Here’s where you’ve got to pay careful attention. Full branch drying can take as long as 14 days because you are also waiting for the moisture to escape from the dense tough stalks. Check on the buds daily, gently touching buds and bending stems When stems bend easily but don’t snap and buds feel firm and dry to the touch but still give, you’ve reached a good point to begin trimming and curing.
Net drying can be much faster but must be transitioned to paper bags or jars more attentively because they lack the protection of the hanging outer foliage. As soon as 4–7 days after harvest you can move the buds over to paper sacks to slow the moisture release. Once bud have lost 65–75 percent of their moisture, they can be transitioned to glass.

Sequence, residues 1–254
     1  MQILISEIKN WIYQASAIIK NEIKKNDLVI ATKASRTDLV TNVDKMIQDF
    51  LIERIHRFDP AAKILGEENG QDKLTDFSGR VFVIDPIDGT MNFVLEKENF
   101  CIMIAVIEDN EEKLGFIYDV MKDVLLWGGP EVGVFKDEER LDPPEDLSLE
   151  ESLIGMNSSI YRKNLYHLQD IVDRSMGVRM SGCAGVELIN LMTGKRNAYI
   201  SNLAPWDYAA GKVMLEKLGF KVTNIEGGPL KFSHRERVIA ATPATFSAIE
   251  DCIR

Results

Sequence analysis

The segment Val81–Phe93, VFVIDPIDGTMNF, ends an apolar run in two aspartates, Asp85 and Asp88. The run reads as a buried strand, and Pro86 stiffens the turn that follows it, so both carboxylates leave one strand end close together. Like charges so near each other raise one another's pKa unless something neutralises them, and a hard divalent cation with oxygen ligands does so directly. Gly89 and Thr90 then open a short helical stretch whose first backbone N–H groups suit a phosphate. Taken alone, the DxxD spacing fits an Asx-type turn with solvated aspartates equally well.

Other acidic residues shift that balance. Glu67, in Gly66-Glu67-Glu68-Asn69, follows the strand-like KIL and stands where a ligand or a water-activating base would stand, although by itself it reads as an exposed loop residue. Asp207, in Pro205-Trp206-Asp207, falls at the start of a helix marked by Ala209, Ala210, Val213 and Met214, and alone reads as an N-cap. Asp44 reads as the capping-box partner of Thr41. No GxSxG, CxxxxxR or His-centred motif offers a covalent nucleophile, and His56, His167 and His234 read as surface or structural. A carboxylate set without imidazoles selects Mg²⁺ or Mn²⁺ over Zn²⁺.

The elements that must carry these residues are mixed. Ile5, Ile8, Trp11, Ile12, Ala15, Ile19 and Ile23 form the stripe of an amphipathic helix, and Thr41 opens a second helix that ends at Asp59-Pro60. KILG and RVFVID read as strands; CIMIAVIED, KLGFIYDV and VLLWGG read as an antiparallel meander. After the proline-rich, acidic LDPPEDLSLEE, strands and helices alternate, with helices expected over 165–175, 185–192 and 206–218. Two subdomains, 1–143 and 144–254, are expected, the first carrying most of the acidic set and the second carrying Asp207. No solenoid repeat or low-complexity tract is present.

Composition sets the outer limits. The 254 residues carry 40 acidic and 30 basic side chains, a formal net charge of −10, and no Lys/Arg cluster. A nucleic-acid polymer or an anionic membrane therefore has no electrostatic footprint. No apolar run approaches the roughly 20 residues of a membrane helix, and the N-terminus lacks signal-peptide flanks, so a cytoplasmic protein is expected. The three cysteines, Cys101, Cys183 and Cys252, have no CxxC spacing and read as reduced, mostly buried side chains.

I’ve had a lot of friends say they have no problem growing healthy dank plants, and I can attest, but they can’t get the cure down. Curing gets people because there is no exact temperature, humidity or length of time that will give you the perfect bud. With every strain being different in density, structure and chemical make-up, on top of the variations from your growth style, every bud will cure to its own beat, so to speak. As with drying, you’re attempting to pull the last bit of moisture from the center of the bud at a pace that ensures flavor and prevents rot.